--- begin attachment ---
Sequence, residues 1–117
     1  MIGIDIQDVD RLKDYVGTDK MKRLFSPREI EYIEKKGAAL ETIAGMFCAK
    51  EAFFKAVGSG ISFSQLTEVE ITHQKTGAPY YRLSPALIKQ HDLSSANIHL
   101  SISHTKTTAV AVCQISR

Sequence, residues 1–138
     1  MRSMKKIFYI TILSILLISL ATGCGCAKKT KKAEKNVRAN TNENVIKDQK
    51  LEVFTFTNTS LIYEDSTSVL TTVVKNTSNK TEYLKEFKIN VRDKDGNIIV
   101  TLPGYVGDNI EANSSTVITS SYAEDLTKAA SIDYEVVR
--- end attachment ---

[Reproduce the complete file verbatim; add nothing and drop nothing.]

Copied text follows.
Sequence, residues 1–117
     1  MIGIDIQDVD RLKDYVGTDK MKRLFSPREI EYIEKKGAAL ETIAGMFCAK
    51  EAFFKAVGSG ISFSQLTEVE ITHQKTGAPY YRLSPALIKQ HDLSSANIHL
   101  SISHTKTTAV AVCQISR

Sequence, residues 1–138
     1  MRSMKKIFYI TILSILLISL ATGCGCAKKT KKAEKNVRAN TNENVIKDQK
    51  LEVFTFTNTS LIYEDSTSVL TTVVKNTSNK TEYLKEFKIN VRDKDGNIIV
   101  TLPGYVGDNI EANSSTVITS SYAEDLTKAA SIDYEVVR